Wednesday, October 21, 2009

Oprah Winfrey: False Prophetess for the New Age

The secret of eternal youth for women may have been discovered; it very well may be tied to daily injections of oestrogen into the vagina. Interested in trying? If you are a regular follower of the High Priestess of Daytime Television, the Prophetess of the New Age Oprah Winfrey, the likelihood is that you will have already encountered information such as this from many of the eclectic quests gracing the stage of the show that has become an institution. You may also have unwittingly been exposed to information that could kill you if you took it to heart too seriously, for this is a show that, in its ongoing attempts to entertain, presents points of views from seemingly every spectrum available, without bothering to check whether those views may or may not be potentially harmful to anyone attempting the advice being promoted on the show or in one of the many books recommended by the hostess.

It all begins and ends with Oprah, or so it would seem. As various guests parade across the stage of the show that has become the personal soap-box for whatever new philosophy happens to have intrigued Oprah Winfrey few people are aware of the real dangers that may be facing the audiences that willingly expose themselves to Oprah and the guru-du-jour who has come to peddle their wares, dangers that are as real as death itself. While Suzanne Somers and her vaginal oestrogen therapy may never become the ‘next big thing’ there are some things that should not be dismissed so quickly, particularly when they result in the loss of human life. That is exactly what happened when two people who had decided to pursue the vision of one of the ‘gurus’ appearing on Winfrey’s show died while participating in a ‘spiritual cleansing’ modeled after Native American ‘sweat lodge’.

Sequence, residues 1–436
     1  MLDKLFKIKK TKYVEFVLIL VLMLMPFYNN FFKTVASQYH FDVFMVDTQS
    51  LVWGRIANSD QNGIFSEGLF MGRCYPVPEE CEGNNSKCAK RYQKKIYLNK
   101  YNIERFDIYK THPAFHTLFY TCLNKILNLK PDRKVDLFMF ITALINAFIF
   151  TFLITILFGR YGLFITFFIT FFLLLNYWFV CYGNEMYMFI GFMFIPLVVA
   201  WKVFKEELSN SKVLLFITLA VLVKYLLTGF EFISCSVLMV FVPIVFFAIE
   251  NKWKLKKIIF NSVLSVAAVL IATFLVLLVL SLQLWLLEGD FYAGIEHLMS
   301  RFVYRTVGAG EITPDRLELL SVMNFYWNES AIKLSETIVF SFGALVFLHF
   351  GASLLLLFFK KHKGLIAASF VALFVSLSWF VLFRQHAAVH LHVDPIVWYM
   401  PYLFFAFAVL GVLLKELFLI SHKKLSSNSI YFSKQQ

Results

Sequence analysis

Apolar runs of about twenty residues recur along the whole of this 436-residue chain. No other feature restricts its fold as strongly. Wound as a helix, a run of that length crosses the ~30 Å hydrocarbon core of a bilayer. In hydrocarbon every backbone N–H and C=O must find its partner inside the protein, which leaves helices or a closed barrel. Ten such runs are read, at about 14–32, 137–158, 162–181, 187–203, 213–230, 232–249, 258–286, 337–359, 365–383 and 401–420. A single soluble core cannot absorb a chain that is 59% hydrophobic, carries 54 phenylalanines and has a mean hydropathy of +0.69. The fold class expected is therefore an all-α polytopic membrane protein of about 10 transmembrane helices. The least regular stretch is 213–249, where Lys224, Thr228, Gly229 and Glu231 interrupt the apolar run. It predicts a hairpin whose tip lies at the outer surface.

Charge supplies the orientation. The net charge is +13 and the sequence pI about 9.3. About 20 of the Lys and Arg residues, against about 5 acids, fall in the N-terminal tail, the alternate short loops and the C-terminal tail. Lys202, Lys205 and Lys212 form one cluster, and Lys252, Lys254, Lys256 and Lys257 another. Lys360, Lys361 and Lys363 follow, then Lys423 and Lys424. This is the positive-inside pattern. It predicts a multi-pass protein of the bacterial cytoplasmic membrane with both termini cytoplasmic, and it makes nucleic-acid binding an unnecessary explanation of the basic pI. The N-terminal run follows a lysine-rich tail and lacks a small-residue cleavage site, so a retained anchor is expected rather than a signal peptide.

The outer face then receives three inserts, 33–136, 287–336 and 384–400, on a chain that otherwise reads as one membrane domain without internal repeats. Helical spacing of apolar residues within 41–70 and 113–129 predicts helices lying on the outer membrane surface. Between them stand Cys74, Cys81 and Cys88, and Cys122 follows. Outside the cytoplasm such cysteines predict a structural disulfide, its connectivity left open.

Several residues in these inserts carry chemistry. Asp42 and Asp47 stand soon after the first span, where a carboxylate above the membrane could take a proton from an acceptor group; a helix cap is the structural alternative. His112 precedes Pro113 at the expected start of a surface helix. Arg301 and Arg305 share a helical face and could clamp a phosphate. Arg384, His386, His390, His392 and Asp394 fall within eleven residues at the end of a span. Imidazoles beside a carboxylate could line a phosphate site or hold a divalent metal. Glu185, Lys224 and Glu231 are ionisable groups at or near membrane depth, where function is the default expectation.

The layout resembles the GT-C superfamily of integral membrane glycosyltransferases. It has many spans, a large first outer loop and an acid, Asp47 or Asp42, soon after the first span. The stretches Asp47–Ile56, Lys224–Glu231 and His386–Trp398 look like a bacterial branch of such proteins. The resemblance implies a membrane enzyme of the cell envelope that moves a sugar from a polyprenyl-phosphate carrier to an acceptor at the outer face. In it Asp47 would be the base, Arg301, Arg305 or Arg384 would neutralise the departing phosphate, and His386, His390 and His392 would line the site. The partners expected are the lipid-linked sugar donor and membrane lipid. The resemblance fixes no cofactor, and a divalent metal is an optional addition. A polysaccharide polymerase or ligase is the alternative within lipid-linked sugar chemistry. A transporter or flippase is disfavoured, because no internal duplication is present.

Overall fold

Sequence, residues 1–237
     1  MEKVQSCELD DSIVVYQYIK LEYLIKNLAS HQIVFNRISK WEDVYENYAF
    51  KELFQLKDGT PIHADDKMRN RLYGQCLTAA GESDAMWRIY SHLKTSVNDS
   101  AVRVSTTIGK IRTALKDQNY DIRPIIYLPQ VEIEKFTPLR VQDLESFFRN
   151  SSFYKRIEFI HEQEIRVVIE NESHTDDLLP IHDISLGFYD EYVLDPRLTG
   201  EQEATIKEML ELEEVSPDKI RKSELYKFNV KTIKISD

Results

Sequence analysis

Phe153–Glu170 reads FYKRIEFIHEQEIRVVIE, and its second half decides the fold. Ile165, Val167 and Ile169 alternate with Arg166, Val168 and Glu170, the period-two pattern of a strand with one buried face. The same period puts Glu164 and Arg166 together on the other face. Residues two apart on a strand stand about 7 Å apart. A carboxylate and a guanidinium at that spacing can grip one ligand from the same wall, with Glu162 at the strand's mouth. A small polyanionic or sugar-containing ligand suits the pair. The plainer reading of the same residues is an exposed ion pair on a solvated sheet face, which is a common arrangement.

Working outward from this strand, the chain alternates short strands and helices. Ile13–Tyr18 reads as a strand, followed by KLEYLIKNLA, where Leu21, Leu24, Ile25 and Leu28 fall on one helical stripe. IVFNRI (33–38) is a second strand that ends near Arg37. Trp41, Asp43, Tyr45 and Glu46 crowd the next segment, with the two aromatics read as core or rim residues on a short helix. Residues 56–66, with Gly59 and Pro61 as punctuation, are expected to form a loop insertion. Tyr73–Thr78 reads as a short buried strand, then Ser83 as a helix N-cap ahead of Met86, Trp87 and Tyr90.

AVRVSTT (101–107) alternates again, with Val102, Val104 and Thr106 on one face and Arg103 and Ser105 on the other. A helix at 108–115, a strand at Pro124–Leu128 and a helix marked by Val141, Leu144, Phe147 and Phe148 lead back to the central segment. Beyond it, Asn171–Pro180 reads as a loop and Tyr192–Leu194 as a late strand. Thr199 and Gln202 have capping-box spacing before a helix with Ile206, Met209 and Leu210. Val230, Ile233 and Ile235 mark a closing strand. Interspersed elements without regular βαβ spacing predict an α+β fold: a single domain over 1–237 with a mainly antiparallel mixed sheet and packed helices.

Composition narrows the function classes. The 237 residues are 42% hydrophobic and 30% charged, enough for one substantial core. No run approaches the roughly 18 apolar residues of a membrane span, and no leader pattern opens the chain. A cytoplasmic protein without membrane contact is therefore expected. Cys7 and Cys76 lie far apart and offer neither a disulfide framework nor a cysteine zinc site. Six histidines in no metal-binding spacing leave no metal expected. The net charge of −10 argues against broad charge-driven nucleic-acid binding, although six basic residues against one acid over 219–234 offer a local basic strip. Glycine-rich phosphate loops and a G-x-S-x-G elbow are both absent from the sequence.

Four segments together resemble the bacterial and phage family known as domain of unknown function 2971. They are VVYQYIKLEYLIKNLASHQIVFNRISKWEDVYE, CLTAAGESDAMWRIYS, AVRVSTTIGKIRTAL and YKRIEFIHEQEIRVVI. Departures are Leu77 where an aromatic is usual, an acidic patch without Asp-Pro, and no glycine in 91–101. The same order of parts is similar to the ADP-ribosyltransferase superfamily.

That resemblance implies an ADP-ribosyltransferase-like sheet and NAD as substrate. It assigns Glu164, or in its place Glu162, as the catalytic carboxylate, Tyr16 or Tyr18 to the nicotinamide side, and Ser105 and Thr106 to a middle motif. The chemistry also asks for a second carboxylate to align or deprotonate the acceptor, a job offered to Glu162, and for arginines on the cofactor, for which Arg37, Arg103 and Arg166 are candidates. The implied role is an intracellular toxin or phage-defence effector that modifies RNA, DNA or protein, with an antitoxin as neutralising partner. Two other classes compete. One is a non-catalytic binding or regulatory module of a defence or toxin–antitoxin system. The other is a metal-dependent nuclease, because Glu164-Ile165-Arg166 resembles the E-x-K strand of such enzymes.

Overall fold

The coverage of the tragic deaths, and their connection to Oprah Winfrey, has surprisingly gained very little coverage in the mains stream media. The article in the Ottawa Citizen was found in the third section, the ‘Arts & Life’ section, on page six (Oct. 20). Adding insult to injury, as it were, the Citizen, truncated the original article, as it had originally run in the Sunday London Times, leaving out more than two full paragraphs of the article. While it is important to point out that Oprah Winfrey had absolutely nothing to do with the retreat attended by the two men who died, it also seems significant that the man who organized the ‘spiritual warrior’ retreat, James Arthur Ray, had appeared on Winfrey’s show at least twice in order to promote his ‘spiritual cleansing’. The deaths are currently being investigated as possible homicides, but you can be sure that Oprah Winfrey will not be charged with contributory negligence for having promoted the means by which two men died and at least 19 others were taken to hospital as a result of their participation in the ‘cleansing’ in the ‘sweat lodge’. Being a billionaire, after all, does have its perks.